The books are the same.  Just to take an example, in The Dragon’s Path, I introduce a minor character — Clara — who gets to be the center of a couple of chapters.  If her role expands in the second book, some folks will feel disappointed.  If it doesn’t, there will be some folks who are disappointed.  Over in Carrie Vaughn‘s Kitty Norville series, Kitty forms a serious romantic attachment with one character rather than another, and the partisans of the guy what didn’t get the girl are always going to feel that discomfort.

It’s a fine line, and some ways it’s not fair.  As an author, I’m asking readers to invest in the world I create, believe in and care about the people in it (oh, and pay me while they’re at it), but I don’t want them to take any control.

I think the sophomore slump is all about reacting to the real necessity of making narrative decisions, and wrestling with the fact that they can’t all be the decisions that all the readers would have made.  Readers aren’t monolithic, and there are going to be some who would prefer I’d done it the other way.  No matter which way I go, there will *always* be folks who would have preferred the other way.

Which, I think, is why we have fan fiction.

Fan fiction is where the readers can appropriate the world and characters and tell the story they way it is in their heads.  When I was talking about re-editing Life on Mars, I was basically making a little fan fiction version of the show for an audience of just me.  It was a freaking good show not because it was better than the real one, but because it was tailor-made to push my buttons.  I know.  I was the tailor.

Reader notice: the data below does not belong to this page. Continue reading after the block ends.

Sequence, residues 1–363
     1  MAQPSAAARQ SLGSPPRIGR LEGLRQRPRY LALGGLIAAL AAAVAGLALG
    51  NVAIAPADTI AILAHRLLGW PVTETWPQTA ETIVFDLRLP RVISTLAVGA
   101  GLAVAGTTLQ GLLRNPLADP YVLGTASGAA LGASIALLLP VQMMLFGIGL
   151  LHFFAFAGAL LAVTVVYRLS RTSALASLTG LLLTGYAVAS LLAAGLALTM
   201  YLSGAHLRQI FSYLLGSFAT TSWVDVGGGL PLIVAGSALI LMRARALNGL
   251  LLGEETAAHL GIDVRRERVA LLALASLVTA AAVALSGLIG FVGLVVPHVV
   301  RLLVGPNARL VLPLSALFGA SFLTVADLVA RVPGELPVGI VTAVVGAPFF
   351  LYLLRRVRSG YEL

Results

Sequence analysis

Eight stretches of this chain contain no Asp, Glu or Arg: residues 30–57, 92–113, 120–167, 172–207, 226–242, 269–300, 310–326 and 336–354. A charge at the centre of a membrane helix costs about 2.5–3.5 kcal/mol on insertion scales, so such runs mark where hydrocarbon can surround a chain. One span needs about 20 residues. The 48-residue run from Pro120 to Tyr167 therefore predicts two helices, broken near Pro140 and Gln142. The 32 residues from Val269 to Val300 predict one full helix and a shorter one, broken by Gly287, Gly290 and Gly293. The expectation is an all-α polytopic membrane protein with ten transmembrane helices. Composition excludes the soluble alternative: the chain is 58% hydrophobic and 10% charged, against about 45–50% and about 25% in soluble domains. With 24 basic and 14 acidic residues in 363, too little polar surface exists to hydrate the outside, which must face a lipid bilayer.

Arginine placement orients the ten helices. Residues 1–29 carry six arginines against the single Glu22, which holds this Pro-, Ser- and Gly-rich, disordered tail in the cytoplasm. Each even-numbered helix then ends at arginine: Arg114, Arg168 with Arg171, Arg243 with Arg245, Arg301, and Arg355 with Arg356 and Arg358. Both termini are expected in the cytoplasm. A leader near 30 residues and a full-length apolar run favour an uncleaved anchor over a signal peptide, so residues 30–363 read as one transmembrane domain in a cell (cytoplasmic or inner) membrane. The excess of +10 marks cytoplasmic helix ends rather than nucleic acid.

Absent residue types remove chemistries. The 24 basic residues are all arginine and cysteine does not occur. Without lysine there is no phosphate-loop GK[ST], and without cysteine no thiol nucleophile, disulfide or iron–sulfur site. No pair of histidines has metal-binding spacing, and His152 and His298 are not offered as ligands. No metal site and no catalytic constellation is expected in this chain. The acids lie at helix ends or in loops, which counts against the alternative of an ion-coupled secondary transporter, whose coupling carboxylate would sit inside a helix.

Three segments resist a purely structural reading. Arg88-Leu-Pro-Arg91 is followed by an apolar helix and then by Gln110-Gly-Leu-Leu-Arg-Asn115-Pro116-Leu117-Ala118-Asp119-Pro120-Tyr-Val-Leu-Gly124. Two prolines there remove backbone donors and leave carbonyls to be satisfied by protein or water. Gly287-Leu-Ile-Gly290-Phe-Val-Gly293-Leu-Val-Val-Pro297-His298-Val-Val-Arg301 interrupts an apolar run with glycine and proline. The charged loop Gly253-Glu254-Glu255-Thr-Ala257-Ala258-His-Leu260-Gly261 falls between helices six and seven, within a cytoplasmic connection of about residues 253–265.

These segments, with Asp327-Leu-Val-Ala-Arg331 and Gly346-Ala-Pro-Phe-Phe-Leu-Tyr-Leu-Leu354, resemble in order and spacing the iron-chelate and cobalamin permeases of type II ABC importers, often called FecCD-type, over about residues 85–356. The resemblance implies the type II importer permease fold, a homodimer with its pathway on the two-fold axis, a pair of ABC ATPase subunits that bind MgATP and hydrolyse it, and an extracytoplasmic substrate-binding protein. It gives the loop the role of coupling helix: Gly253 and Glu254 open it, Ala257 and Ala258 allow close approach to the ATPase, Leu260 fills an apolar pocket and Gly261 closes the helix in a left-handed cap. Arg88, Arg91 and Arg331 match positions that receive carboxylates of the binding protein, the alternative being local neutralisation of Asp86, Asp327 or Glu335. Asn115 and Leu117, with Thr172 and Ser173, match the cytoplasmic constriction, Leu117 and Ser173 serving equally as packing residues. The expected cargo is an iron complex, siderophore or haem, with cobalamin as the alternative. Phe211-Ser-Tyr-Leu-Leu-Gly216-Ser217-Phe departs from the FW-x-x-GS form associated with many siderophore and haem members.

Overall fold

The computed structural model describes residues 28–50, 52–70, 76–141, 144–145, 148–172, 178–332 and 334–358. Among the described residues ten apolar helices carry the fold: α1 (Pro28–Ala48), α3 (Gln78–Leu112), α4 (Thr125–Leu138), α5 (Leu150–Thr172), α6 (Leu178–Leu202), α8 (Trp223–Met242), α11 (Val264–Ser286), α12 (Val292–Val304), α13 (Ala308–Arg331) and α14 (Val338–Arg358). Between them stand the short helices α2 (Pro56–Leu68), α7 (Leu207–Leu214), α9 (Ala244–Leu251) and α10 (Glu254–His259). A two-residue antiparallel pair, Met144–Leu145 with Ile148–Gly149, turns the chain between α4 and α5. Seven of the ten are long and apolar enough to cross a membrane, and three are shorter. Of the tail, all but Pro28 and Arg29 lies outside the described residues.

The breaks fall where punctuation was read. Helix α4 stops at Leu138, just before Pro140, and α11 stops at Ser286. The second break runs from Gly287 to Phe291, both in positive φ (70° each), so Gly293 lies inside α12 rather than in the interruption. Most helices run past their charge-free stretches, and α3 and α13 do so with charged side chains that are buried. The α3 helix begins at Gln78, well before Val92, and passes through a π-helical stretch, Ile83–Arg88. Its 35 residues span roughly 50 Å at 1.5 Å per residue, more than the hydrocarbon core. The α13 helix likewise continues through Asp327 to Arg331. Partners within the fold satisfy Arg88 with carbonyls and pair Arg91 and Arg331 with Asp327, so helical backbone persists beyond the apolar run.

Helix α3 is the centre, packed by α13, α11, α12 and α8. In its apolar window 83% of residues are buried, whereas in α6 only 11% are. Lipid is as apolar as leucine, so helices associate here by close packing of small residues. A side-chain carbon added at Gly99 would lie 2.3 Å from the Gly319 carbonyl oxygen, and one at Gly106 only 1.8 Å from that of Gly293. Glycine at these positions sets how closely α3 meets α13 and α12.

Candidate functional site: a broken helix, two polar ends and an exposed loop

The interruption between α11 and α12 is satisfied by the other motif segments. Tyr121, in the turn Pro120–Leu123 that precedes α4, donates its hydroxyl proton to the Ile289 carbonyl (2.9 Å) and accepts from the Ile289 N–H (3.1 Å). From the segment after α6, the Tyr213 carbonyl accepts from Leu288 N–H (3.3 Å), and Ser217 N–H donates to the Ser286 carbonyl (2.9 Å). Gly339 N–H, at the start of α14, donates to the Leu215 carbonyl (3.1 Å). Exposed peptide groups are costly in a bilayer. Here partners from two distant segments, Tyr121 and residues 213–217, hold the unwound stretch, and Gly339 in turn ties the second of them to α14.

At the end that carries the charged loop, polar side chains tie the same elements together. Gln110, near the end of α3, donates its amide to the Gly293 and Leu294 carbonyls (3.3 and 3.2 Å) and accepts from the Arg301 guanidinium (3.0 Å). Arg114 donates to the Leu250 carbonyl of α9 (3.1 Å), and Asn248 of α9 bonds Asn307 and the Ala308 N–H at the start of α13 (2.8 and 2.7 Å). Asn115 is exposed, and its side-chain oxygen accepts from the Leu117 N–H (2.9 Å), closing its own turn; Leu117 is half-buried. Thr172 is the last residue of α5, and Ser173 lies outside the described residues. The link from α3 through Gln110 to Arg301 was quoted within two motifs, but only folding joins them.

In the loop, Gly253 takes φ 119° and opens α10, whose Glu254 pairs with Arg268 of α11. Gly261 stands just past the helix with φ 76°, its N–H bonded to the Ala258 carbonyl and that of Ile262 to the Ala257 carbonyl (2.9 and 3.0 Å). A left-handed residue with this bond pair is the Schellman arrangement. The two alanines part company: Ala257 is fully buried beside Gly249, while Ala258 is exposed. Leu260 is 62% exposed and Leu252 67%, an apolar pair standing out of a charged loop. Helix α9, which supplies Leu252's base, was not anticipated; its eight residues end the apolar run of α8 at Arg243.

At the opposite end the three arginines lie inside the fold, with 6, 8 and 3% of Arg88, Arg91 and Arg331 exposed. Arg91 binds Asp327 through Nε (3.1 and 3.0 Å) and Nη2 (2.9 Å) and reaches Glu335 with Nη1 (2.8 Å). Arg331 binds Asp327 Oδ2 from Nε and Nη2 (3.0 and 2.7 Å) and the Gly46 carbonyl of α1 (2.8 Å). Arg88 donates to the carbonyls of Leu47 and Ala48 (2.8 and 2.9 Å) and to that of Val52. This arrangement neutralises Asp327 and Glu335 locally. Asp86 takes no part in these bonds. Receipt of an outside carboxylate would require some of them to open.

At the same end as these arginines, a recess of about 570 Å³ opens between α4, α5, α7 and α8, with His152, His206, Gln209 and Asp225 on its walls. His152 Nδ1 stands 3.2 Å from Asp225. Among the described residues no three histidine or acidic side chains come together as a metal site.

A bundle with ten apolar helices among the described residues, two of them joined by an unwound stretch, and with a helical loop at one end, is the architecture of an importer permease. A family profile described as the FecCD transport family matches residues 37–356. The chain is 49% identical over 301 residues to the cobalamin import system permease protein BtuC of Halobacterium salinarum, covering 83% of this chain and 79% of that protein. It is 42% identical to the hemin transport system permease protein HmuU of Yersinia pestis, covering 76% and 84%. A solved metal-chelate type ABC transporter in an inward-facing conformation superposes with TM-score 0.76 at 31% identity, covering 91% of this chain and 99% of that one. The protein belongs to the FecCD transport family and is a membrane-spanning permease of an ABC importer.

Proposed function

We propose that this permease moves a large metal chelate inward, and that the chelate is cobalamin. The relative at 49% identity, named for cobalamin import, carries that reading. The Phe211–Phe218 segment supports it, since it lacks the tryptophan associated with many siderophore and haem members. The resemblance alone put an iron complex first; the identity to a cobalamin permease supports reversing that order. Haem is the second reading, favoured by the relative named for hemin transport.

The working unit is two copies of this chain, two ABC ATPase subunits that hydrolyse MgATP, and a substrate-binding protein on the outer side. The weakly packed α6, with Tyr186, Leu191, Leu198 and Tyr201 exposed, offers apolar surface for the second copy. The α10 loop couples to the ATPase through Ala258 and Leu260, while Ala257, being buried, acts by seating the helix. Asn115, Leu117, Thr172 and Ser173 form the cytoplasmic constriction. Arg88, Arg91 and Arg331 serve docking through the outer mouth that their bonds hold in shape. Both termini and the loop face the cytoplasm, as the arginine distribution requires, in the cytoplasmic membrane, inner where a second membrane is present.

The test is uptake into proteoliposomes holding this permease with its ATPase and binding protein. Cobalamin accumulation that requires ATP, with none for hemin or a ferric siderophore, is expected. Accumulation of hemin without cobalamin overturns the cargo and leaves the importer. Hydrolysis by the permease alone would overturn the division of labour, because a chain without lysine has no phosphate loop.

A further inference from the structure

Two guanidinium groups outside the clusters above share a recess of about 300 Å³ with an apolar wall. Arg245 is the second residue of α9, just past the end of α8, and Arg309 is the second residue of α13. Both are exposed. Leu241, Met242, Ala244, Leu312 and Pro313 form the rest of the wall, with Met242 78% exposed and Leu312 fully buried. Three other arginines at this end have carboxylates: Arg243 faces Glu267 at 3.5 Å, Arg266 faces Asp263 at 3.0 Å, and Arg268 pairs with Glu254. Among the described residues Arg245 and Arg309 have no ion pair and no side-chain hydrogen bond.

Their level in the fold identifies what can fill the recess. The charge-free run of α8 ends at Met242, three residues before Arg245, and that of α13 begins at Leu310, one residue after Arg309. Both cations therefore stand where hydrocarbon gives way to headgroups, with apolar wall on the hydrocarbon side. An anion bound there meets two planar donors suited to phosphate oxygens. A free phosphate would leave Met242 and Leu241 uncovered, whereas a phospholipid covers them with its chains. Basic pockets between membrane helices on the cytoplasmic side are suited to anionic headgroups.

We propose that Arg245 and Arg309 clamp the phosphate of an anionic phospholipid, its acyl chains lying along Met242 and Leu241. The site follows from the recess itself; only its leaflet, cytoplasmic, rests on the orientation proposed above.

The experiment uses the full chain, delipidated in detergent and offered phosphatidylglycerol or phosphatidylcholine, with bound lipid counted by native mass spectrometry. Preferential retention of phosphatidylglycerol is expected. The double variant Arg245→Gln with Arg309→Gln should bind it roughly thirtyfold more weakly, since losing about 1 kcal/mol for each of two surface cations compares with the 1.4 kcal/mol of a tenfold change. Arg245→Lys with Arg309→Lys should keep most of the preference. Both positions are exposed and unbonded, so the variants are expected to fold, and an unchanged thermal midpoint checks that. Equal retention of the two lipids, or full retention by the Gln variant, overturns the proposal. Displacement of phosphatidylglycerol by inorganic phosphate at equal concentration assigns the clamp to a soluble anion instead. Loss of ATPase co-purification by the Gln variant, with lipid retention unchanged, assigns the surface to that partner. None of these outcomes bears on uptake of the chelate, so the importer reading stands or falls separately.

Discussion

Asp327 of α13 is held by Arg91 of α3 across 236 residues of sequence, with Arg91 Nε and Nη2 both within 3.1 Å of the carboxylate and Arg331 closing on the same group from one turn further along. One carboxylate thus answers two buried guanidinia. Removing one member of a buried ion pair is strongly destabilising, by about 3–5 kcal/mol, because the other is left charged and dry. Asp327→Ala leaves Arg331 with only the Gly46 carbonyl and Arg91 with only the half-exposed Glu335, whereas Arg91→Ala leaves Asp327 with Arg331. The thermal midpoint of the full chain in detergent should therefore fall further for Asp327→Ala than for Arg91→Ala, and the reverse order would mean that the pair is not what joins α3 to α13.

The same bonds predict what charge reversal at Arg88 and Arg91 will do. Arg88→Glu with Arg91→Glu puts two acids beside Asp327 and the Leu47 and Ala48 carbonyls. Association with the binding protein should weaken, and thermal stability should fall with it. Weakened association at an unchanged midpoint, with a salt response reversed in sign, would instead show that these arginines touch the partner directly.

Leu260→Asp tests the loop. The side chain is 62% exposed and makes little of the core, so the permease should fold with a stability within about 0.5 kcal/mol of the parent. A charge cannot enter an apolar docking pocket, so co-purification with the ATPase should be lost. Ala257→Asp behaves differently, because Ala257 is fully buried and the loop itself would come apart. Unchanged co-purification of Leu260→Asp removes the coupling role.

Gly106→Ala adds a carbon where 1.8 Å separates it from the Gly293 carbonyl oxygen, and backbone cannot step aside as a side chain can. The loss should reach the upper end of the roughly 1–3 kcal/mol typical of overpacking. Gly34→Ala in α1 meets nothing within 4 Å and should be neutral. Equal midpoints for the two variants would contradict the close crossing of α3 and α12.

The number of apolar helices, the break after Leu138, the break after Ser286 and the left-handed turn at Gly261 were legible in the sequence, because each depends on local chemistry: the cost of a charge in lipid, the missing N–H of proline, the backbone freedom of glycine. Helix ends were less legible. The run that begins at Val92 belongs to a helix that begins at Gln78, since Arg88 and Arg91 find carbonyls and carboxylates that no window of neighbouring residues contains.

So I’m worried about Caliban’s War and The King’s Blood, but not because I don’t think they’re cracking good books.  I think they’re better in some ways than Dragon’s Path and Leviathan Wakes.  But part of what makes them good books is that they make decisions.  They change their respective stories.  Things happen, and there will always be readers who would have made a different choice.  There’s literally nothing I can do about that except tell the story I’ve got as well as I can, accept that there will be a few grim reviews of the second books, and start writing The Poison Sword and Dandelion Sky.


The Sophomore Slump

by Ty Franck

So ‘Caliban’s War’, the second book in The Expanse series, went off to our publisher yesterday.   It’s a massive tome of 170,000 words, and I did a full re-read and edit of it in just two days before sending it off.  So this entire blog post may just be delirium caused by lack of sleep.

There’s a lot to like.  I like our new characters and what we put them through.  I still love Holden’s little crew on the Rocinante.  I like the glimpse we get of Earth and her politics in our future solar system.  And good grief do I love that ending.

Overall I think it’s at least as strong as Leviathan Wakes was, and in my opinion stronger.  I’m a better writer now.  Daniel understands the universe of the Expanse better than he did during the first book.  We work together very smoothly even when we aren’t typing in the same room.  The trust level has gone way up, on both sides.

But I’ve been warned about the sophomore slump.  So I am suspicious of my own happiness at the second book.  It’s gone out to our readers, so hopefully if we really blew it they’ll give us a heads up.